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Bernard Jackman Thinks Leinster's Success Contributed To Bad La Rochelle Decision

Bernard Jackman Thinks Leinster's Success Contributed To Bad La Rochelle Decision
Gary Connaughton
By Gary Connaughton
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It is likely that Leinster will be hurting from last weekend's Champions Cup final for quite some time. Losing against a very talented La Rochelle side is one thing, but it is the manner of the defeat that will have them reeling.

Not only did they race into a 17-point lead inside the opening 12 minutes, they also squandered a golden opportunity to win the game at the end.

Trailing by one point in the dying moments and finding themselves deep into enemy territory, many felt that they should have gone for a rather straightforward drop goal that would have won them the game. Instead, they kept the ball in hand and were ultimately punished when Michael Ala'alatoa was pulled up for a dangerous hit when attempting to clear out a ruck.

Their refusal to go for the three points certainly cost them.

Bernard Jackman feels Leinster success contributed to error

Leinster have rarely been in a position where they have been chasing a game in such a manner in recent seasons, with the Irish province tending to steamroll the opposition in most of their fixtures.


Did that play a factor on this occasion? Bernard Jackman believes it might have.

Speaking on the RTÉ Rugby Podcast, the former Leinster hooker said that his old side did not seem to know what to do during this phase of play, something that may be down to the success they have experienced over the last number of campaigns.



The problem is, and this sounds terrible and I'm sure they do, but I don't know if they to go into their drop goal drill often.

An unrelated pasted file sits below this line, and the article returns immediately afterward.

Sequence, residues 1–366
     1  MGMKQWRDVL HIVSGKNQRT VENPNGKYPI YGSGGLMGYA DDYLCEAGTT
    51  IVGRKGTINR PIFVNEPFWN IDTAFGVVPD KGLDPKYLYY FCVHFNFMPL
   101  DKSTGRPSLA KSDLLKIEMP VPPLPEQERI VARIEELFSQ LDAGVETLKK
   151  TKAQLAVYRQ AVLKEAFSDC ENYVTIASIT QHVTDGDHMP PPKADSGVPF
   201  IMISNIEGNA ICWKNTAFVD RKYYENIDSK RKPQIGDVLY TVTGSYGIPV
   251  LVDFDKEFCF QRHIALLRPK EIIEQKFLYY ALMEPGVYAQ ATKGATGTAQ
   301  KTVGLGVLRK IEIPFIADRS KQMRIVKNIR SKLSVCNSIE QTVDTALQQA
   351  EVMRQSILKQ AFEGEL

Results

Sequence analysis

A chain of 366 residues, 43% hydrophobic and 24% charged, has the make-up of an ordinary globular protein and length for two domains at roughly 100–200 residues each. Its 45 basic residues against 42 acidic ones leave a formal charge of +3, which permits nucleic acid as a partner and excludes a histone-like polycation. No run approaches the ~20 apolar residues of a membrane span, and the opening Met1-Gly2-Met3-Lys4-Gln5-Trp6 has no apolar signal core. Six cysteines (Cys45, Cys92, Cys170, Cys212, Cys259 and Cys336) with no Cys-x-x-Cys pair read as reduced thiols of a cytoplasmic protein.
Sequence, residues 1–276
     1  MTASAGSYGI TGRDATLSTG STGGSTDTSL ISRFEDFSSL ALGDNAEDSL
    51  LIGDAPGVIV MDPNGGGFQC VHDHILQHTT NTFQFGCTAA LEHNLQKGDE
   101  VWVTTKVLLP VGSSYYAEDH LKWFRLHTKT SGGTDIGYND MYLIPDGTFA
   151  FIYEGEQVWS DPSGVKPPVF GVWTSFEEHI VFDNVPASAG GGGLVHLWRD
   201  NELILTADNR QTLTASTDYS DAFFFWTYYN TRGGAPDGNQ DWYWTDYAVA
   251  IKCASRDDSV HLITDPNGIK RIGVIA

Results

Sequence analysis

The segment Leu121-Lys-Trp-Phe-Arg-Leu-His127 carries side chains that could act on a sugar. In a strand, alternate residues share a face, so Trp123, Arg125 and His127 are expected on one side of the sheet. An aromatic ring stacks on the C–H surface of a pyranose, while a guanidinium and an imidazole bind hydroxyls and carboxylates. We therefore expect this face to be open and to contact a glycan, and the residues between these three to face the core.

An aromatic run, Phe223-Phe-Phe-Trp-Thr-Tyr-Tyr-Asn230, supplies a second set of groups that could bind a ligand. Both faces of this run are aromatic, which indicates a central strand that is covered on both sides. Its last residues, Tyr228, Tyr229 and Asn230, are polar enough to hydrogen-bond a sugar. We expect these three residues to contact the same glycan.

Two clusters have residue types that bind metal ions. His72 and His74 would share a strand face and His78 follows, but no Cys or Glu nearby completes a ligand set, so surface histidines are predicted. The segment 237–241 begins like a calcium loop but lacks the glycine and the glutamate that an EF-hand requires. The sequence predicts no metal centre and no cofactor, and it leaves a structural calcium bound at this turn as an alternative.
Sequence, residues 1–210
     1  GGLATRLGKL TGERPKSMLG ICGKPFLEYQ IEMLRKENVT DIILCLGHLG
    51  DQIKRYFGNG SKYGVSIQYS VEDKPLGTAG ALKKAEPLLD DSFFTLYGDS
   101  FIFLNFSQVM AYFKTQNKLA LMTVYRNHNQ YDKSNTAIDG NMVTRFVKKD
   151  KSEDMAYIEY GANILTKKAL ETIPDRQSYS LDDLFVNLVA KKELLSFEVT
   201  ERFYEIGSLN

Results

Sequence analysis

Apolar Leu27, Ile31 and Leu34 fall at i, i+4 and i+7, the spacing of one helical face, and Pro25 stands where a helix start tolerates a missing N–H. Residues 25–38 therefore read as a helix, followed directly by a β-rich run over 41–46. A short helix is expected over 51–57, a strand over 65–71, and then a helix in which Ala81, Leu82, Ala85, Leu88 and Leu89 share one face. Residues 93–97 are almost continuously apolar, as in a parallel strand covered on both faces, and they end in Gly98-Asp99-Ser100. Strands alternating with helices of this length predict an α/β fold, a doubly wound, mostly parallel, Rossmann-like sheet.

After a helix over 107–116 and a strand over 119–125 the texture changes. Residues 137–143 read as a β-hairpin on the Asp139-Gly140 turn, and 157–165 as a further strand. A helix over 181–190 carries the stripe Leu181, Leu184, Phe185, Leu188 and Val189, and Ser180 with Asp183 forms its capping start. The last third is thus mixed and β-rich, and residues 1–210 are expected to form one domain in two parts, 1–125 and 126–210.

If you go back to the week before, Munster had five or six goal line attacks that they didn't score from against Leinster. In Crowley's mind it was 'we've got the ball back and got inside their 22, the odds of me scoring a drop goal are higher than us getting into the 22 and scoring'.

Whereas Leinster in the first 15 minutes had converted territory into tries or penalty advantage...

Remember when New Zealand lost in Cardiff to France? After that, they made the drop goal and how to engineer a drop goal part of their weekly regime in case they needed it again.

It's definitely something Leinster didn't look like they had a call for. They obviously have a call for it, but it's not something that's drilled into them.

They probably said the percentage odds were they score a try or get a penalty, rather than score a drop goal which is higher risk.

I think in hindsight, they're going to have to say 'if we come up against a team we can't overrun, we need to have that in our locker'.

This is an interesting observation.

Considering how well Leinster are prepared, you'd imagine that they would have a plan in place for this very scenario. However, the way the passage of play went would suggest that a drop goal never even seemed to cross their minds despite the fact that it almost certainly would have won them the game.


You get the sense that they will learn from that mistake moving forward.

SEE ALSO: The Last Munster Team To Win Silverware - Where Are They Now?

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